Addressing LGBT2SQ youth homelessness in Toronto has been a core concern since SOY’s inception in 1998. Staff creatively worked on finding safer housing solutions to address the over-representation of LGBT2SQ+ youth in Toronto’s youth homelessness population.
In 2004 SOY began its partnership with St. Clare’s Multi-Faith Housing Society to address LGBT2SQ youth homelessness through stable housing, a connection to community, and one-on-one support.
Given the challenging landscape of housing in Toronto and the negative impacts on newcomer and racialized youth, many or most of the youth housed through our program are racialized and/or newcomers.
An independent living housing model
As we celebrate our 20th anniversary and evolve to meet the ever-changing needs for safer, supportive housing, SOY’s housing partnership with St. Clare’s has evolved into an independent living housing model. This means that our Youth Resource Workers, SOY Facilitators, St. Clare’s partners and SOY/Sherbourne Health’s communities work with youth while they build upon their knowledge, skills and relationships so they can transition into independent living on their own terms.
Together, we provide:
- 20 rent-geared-to-income (RGI) units of housing, available to LGBT2SQ Youth 27 years old and under to apply for when units become available. (The length of the program is up to three years, or up until someone’s 30th birthday—whichever comes first.)
- Support so that LGBT2SQ youth can work on their other self-identified life goals, such as: navigating immigration and settlement; finding income; pursuing education; looking for work; exploring career goals; exploring gender and sexuality; navigating familial relationships; defining their health and wellness; and growing as people.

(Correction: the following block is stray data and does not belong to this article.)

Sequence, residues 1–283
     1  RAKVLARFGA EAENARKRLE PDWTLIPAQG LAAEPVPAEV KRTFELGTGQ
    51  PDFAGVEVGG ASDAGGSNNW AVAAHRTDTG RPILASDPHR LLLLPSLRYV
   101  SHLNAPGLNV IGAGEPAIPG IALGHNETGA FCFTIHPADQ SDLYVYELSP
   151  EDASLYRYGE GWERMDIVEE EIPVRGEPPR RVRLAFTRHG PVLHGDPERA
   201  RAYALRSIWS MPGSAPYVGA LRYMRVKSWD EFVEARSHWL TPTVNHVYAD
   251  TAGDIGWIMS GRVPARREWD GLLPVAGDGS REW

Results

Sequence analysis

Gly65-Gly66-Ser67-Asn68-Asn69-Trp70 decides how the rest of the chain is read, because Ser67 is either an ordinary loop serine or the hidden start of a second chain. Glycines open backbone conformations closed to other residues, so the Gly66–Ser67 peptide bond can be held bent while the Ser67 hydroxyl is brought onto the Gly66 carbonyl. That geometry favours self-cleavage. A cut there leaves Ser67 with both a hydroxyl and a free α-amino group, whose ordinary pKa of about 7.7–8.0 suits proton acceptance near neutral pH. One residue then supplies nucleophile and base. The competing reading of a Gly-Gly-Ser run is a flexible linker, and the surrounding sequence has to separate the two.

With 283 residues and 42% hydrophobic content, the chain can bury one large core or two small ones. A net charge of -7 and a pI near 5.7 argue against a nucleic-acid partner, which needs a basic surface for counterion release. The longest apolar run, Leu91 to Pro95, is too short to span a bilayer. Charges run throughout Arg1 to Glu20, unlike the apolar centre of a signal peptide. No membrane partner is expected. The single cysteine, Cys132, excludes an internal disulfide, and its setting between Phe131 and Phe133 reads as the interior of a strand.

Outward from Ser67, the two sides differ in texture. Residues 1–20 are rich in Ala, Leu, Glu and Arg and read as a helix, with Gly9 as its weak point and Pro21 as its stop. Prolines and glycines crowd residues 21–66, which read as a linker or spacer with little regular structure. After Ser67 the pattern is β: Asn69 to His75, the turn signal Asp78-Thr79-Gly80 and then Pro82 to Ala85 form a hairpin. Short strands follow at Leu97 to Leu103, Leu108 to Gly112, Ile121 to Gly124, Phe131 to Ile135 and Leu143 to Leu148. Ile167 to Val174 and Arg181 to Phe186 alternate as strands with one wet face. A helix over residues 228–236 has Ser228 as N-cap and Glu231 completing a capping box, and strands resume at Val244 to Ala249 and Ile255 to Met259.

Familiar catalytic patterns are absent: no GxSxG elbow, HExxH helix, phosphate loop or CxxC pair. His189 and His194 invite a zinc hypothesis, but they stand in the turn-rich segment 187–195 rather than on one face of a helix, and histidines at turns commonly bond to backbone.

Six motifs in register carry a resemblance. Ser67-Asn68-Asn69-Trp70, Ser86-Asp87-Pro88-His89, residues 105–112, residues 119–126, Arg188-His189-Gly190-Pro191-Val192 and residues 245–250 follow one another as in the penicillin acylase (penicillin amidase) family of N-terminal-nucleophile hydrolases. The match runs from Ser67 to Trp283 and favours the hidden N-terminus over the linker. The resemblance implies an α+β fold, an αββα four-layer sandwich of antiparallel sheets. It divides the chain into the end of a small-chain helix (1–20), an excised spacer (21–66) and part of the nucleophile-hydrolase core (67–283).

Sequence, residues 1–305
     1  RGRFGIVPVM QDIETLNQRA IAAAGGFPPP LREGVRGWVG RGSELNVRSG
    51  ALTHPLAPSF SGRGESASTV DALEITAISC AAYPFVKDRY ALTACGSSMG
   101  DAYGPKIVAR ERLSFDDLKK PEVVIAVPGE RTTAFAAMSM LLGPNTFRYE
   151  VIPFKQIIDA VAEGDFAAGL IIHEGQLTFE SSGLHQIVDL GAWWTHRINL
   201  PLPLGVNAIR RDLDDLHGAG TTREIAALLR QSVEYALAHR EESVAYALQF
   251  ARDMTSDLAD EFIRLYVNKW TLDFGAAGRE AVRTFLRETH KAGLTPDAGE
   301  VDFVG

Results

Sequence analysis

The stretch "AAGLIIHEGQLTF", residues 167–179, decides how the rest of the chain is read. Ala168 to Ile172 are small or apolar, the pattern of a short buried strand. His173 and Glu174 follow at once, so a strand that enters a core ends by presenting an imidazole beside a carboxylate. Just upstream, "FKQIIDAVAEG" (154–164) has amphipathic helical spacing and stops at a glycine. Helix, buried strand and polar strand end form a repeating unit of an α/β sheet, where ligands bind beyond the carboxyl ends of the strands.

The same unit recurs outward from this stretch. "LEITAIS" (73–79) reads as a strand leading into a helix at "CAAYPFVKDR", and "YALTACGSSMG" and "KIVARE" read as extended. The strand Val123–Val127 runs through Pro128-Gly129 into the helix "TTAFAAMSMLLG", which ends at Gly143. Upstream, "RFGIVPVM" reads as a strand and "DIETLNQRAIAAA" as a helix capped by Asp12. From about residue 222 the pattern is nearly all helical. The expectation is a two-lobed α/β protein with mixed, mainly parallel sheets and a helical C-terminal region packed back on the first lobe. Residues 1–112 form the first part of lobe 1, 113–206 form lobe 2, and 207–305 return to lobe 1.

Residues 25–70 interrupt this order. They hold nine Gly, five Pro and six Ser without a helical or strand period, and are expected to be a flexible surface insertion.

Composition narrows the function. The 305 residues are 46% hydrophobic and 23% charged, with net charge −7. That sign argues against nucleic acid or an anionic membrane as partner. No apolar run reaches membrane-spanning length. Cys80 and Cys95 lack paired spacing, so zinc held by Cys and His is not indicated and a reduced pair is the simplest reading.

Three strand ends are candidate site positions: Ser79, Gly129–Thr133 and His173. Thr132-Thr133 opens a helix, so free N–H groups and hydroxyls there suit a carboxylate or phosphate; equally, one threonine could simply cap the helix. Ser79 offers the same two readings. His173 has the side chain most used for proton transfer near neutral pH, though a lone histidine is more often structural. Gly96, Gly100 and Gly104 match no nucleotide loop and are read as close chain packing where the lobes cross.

How SOY’s groups and the Goal-Planning Service (GPS) can help with housing
Through our community health and well-being groups and our Goal-Planning Service (GPS), we support youth to be able to care for themselves and each other. Our programs and services:
- provide targeted workshops around specific goals and skills that SOY youth have named for themselves;
- help youth build an understanding, skill set and resiliency around relationship and community building as well as self-advocacy—this includes the actual building of working social connections; and
- connect youth with Sherbourne Health programs and service providers, e.g. mental health and clinical teams, and external agencies and service providers, such as shelters, employment programs, legal supports, and more.
For more information
For more information please contact Premal Laxman, Youth Resource Worker, SOY’s Internal Housing Program, at firstname.lastname@example.org.